UNIT 4 - DIGITAL IMPACTS - Subject Matter

In Unit 4, students learn how data is shared in both local and global contexts, particularly how digital solutions are increasingly required to exchange data securely and efficiently. Students will understand elements of cybersecurity by exploring the conditions, environment and methods for enabling data to flow between different digital systems. They will analyse data privacy and data integrity risks associated with transferring data between applications and evaluate the personal, social and economic impacts associated with the use and availability of both public and private data. Students will develop an application that simulates the exchange of data between two applications.

Unit requirements
In Unit 4, the programming language must allow the following operations:

Students may use an object-oriented programming language.

SQL syntax version must be based on generic ANSI-style SQL, i.e. SQL-92.


Unit Objectives

Unit objectives are drawn from the syllabus objectives and are contextualised for the subject matter and requirements of the unit. Each unit objective must be assessed at least once.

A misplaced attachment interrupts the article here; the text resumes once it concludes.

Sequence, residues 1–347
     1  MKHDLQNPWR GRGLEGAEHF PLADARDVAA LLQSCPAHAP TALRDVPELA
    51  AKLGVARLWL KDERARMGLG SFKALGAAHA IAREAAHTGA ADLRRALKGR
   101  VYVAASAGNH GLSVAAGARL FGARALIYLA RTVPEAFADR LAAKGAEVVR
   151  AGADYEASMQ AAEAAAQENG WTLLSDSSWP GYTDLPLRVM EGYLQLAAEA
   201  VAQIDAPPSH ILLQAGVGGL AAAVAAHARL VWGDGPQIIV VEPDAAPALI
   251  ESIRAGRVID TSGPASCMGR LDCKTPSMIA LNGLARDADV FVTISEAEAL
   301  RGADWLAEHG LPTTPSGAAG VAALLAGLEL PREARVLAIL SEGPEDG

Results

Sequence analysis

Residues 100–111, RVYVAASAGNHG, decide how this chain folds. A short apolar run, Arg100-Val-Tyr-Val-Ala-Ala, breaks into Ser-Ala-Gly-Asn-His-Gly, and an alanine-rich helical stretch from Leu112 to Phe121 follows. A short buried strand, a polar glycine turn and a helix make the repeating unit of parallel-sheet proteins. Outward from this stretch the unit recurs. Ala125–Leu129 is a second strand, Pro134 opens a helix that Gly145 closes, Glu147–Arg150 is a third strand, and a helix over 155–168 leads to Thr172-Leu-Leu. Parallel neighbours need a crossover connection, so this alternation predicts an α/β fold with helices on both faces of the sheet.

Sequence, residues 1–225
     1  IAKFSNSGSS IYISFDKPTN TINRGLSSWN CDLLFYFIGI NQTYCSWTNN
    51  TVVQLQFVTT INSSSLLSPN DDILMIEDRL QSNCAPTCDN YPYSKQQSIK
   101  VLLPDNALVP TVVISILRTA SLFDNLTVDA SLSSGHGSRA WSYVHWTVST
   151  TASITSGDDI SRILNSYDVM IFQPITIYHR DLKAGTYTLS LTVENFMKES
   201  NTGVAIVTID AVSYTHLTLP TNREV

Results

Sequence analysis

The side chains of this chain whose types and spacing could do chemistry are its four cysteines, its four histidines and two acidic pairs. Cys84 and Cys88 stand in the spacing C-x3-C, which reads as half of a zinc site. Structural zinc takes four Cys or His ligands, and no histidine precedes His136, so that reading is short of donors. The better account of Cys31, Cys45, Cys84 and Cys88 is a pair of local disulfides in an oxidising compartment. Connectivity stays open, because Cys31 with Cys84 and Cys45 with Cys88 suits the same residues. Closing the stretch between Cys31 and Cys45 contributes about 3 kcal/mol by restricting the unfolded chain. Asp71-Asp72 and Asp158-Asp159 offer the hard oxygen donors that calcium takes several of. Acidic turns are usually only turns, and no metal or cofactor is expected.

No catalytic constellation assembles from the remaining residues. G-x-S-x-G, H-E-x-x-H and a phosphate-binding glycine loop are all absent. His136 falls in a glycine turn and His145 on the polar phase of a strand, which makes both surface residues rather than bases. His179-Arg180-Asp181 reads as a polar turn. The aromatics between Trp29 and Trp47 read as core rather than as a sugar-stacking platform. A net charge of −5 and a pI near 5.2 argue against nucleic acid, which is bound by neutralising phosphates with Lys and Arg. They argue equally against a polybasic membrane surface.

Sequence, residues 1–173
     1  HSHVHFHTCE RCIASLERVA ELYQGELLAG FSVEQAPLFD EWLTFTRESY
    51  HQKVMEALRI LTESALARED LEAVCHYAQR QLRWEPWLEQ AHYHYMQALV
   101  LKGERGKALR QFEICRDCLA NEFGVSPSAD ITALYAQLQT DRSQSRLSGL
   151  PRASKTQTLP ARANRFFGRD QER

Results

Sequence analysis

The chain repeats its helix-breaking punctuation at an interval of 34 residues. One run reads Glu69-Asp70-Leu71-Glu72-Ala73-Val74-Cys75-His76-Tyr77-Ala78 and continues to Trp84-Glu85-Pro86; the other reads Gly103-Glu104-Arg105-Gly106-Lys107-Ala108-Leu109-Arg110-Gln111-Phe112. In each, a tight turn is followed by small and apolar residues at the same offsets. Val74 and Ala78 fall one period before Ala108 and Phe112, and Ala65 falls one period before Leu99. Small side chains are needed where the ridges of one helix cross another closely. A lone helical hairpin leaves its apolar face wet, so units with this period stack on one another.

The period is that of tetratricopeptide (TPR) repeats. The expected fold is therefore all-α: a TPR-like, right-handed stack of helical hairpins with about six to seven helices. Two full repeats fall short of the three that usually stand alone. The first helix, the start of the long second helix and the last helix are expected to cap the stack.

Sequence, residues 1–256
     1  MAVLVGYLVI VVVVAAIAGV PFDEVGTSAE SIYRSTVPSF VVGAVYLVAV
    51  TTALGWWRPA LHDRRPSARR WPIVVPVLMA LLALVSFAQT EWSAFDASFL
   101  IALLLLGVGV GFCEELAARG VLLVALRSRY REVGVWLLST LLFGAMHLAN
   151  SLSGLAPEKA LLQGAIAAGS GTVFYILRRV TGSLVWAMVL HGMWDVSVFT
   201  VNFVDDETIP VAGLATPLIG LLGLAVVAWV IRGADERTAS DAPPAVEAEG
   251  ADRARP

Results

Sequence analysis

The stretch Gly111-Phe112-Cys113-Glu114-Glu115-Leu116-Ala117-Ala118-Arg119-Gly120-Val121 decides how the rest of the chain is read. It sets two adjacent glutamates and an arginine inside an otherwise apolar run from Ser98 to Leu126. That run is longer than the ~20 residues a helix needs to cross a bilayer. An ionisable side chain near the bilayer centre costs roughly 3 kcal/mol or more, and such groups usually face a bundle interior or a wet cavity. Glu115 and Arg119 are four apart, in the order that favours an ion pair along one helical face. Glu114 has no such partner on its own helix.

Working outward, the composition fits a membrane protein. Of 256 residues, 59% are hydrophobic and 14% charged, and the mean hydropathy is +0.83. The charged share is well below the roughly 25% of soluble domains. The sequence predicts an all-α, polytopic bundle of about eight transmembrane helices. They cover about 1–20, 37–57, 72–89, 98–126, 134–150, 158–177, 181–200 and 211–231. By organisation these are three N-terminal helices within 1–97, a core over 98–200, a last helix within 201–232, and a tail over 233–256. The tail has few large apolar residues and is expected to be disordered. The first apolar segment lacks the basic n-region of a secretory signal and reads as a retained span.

Note (*) Items to be assessed in IA3 but NOT EA

Students will:

  1. recognise and describe programming elements, components of data exchange systems, privacy principles and data exchange processes
  2. symbolise and explain data structures and specifications, methods for exchanging data, algorithms and data-flow relationships within and between systems
  3. analyse problems and information related to digital systems
  4. determine solution requirements and prescribed and self-determined criteria*
  5. synthesise information and ideas to determine possible components of digital solutions
  6. generate components of the digital solution*
  7. evaluate impacts, components and solutions against prescribed and self-determined criteria to make refinements and justified recommendations
  8. make decisions about and use mode-appropriate features, language and conventions for particular purposes and contexts.*


Subject Matter:

Note, subject matter has been identified (1.c.2, 2.b.1 etc for ease of reference)


Topic1: Digital Methods for exchanging data

In this topic, students will:

  1. recognise and describe
    1. encryption and authentication strategies appropriate for securing data transmissions and their differences
    2. features of symmetric (Data Encryption Standard — DES, Triple DES, AES — Advanced Encryption Standard, Blowfish and Twofish) and assymetric (RSA) encryption algorithms
    3. how data compression, encryption and hashing are used in the storage and transfer of data
    4. how simple algorithms consist of input, process and output at various stages